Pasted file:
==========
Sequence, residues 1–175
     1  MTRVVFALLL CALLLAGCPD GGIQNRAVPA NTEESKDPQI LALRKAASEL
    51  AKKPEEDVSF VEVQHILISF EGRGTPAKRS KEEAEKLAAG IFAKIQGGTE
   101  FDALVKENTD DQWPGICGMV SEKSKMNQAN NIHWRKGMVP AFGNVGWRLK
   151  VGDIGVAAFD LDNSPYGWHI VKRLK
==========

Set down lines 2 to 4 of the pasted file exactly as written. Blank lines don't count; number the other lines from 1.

     1  MTRVVFALLL CALLLAGCPD GGIQNRAVPA NTEESKDPQI LALRKAASEL
    51  AKKPEEDVSF VEVQHILISF EGRGTPAKRS KEEAEKLAAG IFAKIQGGTE
   101  FDALVKENTD DQWPGICGMV SEKSKMNQAN NIHWRKGMVP AFGNVGWRLK